Van Dyck was invited to England in 1620 along with six other artists from the low-lying provinces and was commissioned by The Hague to paint various works at the British court, as King Charles I was an avid art collector. In England van Dyck painted a portrait of the late King Charles for which he was paid 100 pounds.
It was during this time in England that the artist was exposed to the royal collection of works by great masters such as Titian whom van Dyck instantly admired.
However, van Dyck did not stay in England long, returning to Flanders after just four months. Keen to see his pupil's career flourish, Rubens again insisted that it was time for van Dyck to go to Italy but by this time van Dyck was smitten with a young lady named Anna van Ophem who lived near Brussels. He moved to Savelthem, where she was living and forgot all about travelling to Italy.
It's thought that under Anna's spell, van Dyck created St. Martin dividing his cloak which featured the horse Rubens had given him.
Respecting his master's wishes, van Dyck eventually went to Italy in late 1621, eager to learn about the great masters in the school of Roman Antiquity.
Venice and Genoa:
Van Dyck first travelled to Venice where he studied under the style of the Venetian Schools and spent a great deal of time learning about his main inspiration, Titian. He made numerous sketches of Titian's works and later used the subject matter for his own creations. Despite financial difficulties van Dyck eventually had enough money to move on to Genoa.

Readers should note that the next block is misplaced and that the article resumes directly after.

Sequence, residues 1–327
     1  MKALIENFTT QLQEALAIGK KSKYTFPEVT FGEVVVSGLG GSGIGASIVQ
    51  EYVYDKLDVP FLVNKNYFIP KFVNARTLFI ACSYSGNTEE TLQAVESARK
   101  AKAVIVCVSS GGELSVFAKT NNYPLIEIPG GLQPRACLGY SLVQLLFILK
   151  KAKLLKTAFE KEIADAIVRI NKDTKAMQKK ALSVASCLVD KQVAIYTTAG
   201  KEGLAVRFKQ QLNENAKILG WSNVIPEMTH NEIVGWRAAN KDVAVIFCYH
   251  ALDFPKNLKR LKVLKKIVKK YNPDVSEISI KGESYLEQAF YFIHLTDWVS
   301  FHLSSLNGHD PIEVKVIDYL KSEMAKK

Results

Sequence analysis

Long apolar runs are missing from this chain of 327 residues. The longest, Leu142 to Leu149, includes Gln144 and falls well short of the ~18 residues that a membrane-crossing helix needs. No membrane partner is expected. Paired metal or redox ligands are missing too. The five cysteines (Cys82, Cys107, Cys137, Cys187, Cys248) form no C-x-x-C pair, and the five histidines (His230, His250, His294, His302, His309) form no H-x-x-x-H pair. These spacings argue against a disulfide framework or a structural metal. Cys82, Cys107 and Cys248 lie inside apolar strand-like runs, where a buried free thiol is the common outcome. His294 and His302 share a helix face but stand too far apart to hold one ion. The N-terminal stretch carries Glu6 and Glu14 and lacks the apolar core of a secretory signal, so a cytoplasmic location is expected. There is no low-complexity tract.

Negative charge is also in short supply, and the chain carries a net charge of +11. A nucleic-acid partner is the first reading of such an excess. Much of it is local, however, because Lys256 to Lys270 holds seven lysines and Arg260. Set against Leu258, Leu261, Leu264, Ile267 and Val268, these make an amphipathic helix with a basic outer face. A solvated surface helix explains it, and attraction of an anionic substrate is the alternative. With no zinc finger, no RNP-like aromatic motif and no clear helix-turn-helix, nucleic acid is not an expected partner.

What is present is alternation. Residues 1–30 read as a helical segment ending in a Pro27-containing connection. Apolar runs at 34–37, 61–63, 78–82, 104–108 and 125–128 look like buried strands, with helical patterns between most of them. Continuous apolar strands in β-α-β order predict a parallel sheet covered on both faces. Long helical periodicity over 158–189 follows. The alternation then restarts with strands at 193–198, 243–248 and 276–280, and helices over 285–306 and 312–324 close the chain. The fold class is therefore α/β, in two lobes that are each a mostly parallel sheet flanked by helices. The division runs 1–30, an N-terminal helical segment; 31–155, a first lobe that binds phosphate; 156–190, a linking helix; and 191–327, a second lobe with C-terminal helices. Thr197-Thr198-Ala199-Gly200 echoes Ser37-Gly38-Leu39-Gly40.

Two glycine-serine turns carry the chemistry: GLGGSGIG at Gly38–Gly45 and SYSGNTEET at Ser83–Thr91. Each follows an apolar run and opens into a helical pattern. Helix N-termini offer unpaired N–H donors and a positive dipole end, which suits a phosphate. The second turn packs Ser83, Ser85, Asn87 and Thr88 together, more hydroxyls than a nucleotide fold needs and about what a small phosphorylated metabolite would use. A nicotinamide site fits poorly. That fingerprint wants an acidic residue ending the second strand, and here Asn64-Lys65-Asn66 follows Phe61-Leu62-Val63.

Lacking the connections Rubens had when he was in Italy, van Dyck stayed with two other Flemish artists and good friends, the brothers Cornelius and Lucas de Wael. Through these two friends he was introduced to various patrons and wealthy residents.
From Genoa van Dyck travelled extensively, visiting Rome and Sicily. After completing his travels, he returned to his two good friends and before leaving Italy he bestowed a gift unto them, a portrait of the two brothers.
In Rome van Dyck stayed with Cardinal Bentivoglio who commissioned his first work there, Crucifixion. Having been in Flanders himself the Cardinal had acquired a taste for Flemish art. He introduced van Dyck to many subjects within the aristocratic circles and the artist gained many commissions for portraits of wealthy Ladies and Lords. He was also commissioned by the Pope to do historical works for the Pontifical Palace in Monte Cavallo.